Now, to be sure, you're not going to get a specific answer - "You'll make $80k next year and $100k in five years" - but what you should be able to ask and find out.
Some companies will be able to give you very specific numbers (bands, really) for particular roles. Some will choose not to, and some will be unable to. But it's not harmful or rude to ask; just be willing to accept non-answers without pushing back too hard.

I would note that in five years' time, it's unlikely you'll still be there as a junior developer; if you're still a junior in five years' time, it's probably a sign you aren't very good at your job. You thus should not be looking for just 'what is the dollar number', but what is the career path you would potentially follow - what other positions are there up the ladder, and when does a typical employee move up the ladder. And more importantly, what do you need to do to show you're ready to move up the ladder - because you can start working on that now.

Here are some example q/a's. I've had very similar conversations to all of these. I would not consider it out of the ordinary to ask your manager any of these questions at really any point; it's part of their job to help you understand your career and develop it, and it makes them look good to have motivated employees under them who show an interest in career development - even if it means their best employees leave their department for bigger and better roles in the company. It's far better than the employee leaving for another company.

What is the normal career path for someone in my role? What position(s) might I be eligible for in the next five years, if my performance is satisfactory?

A Junior Developer typically becomes eligible for Devloper in 2 years and Senior Developer in 5 to 7 years.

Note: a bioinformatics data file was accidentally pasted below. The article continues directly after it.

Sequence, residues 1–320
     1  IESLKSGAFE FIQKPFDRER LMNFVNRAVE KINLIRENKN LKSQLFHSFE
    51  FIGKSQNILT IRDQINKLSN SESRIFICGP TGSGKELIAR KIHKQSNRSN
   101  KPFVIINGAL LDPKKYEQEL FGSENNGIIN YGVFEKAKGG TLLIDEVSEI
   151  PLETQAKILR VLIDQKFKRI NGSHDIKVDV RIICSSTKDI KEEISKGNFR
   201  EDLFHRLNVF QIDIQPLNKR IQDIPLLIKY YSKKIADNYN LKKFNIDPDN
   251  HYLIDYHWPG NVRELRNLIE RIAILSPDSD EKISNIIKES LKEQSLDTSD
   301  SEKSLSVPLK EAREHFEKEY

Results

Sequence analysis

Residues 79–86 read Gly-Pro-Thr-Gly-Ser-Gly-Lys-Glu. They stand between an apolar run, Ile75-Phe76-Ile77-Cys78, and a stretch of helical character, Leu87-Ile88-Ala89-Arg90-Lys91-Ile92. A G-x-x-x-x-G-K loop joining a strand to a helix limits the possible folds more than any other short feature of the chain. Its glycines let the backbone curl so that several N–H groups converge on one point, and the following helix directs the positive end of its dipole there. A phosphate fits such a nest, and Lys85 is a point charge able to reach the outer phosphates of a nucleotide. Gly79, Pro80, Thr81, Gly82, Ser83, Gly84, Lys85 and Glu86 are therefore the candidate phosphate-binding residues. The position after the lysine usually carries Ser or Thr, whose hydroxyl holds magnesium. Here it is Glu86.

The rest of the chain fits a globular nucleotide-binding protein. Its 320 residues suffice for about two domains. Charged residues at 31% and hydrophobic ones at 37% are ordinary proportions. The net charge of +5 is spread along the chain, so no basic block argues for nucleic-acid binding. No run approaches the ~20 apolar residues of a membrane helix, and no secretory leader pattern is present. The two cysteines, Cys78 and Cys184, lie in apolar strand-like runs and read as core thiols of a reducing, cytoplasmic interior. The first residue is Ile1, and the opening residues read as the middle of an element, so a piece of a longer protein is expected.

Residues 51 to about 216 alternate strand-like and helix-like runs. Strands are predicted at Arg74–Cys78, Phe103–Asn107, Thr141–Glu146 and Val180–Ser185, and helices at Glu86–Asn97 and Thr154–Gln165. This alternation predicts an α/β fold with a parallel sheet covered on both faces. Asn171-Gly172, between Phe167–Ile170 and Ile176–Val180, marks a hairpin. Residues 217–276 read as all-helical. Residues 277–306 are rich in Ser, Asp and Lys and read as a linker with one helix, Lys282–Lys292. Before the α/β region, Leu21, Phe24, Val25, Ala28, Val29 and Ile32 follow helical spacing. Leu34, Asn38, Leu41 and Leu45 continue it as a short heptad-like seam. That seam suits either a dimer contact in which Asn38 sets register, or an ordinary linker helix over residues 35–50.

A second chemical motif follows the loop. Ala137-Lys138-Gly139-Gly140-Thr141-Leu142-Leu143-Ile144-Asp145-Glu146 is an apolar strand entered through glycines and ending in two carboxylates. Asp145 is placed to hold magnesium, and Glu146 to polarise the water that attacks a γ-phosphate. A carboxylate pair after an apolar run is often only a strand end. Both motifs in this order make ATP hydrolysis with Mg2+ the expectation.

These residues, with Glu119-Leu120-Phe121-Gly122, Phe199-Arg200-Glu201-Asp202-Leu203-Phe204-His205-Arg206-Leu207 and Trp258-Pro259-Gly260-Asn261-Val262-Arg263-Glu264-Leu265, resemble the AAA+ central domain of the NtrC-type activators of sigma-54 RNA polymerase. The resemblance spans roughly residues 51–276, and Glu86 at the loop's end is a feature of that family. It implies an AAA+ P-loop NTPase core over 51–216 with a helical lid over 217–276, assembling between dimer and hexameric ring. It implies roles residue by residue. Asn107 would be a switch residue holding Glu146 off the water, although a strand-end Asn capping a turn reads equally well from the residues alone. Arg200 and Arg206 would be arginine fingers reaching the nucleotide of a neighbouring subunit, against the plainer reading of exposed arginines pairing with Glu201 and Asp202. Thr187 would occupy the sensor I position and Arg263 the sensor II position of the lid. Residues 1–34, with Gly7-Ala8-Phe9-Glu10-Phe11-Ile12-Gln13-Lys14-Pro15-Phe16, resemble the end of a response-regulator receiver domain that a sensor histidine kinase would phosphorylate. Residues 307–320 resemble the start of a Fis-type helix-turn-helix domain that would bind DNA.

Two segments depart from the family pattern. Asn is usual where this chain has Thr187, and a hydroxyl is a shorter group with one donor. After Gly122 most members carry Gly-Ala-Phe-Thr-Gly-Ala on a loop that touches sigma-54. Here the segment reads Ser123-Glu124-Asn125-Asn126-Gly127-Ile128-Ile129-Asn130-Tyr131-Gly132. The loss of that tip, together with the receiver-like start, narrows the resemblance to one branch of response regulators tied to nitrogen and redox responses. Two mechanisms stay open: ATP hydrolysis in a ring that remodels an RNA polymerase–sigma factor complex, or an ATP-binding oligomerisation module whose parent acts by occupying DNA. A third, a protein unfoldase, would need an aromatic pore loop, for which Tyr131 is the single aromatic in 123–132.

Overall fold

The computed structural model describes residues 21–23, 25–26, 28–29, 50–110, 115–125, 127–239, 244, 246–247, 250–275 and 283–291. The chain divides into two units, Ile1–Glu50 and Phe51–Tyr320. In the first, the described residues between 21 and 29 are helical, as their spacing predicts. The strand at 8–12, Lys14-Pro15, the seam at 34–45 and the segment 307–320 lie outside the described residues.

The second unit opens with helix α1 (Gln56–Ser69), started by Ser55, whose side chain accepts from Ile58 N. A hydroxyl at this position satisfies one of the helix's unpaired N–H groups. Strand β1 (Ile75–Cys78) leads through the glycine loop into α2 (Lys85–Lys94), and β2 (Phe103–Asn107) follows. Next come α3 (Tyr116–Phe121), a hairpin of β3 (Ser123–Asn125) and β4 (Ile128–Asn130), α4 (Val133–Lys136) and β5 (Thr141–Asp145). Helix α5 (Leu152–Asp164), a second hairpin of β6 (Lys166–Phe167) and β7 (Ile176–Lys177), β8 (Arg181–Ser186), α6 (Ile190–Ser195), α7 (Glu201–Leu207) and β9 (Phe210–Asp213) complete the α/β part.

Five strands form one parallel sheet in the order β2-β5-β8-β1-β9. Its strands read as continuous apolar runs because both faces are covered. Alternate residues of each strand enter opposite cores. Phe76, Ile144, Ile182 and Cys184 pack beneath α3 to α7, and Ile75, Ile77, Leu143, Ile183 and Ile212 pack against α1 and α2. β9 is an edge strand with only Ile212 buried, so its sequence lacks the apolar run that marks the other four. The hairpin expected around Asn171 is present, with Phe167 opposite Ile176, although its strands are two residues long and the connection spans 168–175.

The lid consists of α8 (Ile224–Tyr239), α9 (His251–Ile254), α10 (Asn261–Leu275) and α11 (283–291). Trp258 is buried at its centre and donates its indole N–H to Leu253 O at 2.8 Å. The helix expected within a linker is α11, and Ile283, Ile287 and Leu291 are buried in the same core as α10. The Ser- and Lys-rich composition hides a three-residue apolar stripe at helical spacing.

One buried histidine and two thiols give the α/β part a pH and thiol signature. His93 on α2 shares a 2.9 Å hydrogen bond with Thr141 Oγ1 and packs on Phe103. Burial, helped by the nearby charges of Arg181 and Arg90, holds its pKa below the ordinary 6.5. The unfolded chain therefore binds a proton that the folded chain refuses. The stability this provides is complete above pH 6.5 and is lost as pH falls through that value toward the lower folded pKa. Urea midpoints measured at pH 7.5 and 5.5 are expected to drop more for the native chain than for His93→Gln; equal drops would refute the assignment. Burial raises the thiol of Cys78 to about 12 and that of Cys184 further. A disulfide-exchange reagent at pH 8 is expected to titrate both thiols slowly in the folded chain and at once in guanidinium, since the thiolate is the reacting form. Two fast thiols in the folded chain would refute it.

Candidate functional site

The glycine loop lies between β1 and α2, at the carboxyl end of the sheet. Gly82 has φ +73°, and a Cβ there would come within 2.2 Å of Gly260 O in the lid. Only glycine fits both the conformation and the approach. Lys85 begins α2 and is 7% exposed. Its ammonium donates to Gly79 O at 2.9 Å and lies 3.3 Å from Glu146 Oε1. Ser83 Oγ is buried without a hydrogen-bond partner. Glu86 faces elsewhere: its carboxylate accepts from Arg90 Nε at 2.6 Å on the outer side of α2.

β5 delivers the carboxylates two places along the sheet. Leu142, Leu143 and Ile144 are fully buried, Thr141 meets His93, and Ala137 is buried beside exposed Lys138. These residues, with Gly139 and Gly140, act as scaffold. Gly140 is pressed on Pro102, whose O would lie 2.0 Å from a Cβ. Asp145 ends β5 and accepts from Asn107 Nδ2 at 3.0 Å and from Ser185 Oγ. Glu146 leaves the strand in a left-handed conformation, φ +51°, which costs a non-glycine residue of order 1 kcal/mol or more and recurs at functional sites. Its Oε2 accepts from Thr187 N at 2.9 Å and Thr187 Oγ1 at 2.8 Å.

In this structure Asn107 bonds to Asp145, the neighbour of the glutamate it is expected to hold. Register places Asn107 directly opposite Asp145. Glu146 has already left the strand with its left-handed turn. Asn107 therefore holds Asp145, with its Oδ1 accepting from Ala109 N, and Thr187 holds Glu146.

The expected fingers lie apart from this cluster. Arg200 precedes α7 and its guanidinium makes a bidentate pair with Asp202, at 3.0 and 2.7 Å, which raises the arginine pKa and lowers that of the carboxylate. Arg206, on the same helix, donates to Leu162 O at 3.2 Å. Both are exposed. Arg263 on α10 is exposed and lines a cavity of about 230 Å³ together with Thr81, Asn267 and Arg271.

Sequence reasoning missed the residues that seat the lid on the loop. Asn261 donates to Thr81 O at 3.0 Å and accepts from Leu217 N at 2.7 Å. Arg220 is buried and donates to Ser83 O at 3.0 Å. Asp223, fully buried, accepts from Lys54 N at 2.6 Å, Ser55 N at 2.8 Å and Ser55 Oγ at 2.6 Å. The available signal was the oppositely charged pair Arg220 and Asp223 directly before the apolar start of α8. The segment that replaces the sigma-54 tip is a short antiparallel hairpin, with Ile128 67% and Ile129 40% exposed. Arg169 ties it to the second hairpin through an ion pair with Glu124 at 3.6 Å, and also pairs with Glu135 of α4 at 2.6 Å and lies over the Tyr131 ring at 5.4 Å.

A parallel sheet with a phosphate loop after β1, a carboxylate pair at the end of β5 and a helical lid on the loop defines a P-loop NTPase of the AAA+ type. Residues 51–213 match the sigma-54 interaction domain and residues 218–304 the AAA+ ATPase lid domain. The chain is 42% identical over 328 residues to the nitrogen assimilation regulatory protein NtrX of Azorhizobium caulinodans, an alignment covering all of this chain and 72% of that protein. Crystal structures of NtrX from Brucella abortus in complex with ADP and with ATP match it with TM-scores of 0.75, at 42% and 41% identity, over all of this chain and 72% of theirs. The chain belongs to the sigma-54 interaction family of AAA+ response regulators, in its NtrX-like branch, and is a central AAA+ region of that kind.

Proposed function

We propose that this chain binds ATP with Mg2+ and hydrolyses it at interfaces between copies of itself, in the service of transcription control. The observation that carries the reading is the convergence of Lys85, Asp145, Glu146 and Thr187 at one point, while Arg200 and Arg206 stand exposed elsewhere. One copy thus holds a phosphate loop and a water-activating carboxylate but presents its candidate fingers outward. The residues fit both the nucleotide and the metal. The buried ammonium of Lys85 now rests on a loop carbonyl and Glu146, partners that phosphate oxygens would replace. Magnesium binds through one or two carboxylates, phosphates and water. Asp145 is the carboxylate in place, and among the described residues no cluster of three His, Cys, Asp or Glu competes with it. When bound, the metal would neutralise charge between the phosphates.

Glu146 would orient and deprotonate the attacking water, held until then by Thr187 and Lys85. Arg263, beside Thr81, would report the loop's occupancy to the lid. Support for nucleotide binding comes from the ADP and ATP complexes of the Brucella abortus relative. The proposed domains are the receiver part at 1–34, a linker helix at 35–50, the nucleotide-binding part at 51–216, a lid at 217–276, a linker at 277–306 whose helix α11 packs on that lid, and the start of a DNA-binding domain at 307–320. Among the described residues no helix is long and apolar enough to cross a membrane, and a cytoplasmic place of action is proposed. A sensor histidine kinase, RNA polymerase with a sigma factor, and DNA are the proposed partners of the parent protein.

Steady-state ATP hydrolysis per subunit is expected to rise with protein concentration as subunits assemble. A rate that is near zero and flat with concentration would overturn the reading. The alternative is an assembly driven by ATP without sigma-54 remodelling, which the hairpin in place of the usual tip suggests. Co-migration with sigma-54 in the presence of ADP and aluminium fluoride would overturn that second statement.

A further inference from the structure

What does a Senior Developer typically make as a starting salary?

Senior Developers at this company typically begin make between $90k and $120k, depending on their particular role and their particular skills.

What will I have to accomplish in the next 5 years to be a good candidate for Senior Developer at that point?

A good candidate for Senior Developer typically has been the task lead on at least two projects that delivered on-time and on-budget. They have received "exceeds" reviews each year they were in the company, and have shown substantial progress in learning multiple technologies. A Senior Developer will typically be comfortable with at least 5 of the technologies that we use, often more, and will have shown an aptitude for picking up new technologies when required quickly.

What other career paths are potentially available to me here, beyond the Developer track?

Career paths that Developers may consider branching off to include Project Management, Quality Assurance, Sales, and Technical Writing. Each has its own requirements, and as you progress through your career as a Developer, if you find that you have an affinity for one of these paths, there are resources available for you to learn more about these careers.

  • I'll note that while this might not be as easy to answer in a small company, your manager still should be able to answer the questions - and as willing.
    – Joe
    Jun 6, 2017 at 20:59

I would like to know a rough estimate of what I could be earning next year and in five years time

Go to the HR person or your manager and ask them for a meeting to discuss your expected pay over the next five years. Be careful of your wording as you may be thought to be looking elsewhere for employment. I may suggest explaining that you're trying to plan your future financial plan to buy a house in the near future.

Before going into that meeting prepare. Know what the going rates are and what you're prepared to accept. Let them know if their expectations are too low. Also ask (since it's a small company) if you'll have an option for stock options.

  • 1
    Note that, in a company of less that 15 people, it's unlikely that the "HR person" is in a position to have that conversation; manager (or whoever hires you/decides on pay) is a better candidate.
    – RDFozz
    Jun 6, 2017 at 18:29
  • @RDFozz I'm not saying you are wrong, but I'm left wondering... in a 15 people company, if the HR person doesn't deal with this stuff and/or hiring... what does (s)he do?
    – xDaizu
    Jun 7, 2017 at 8:09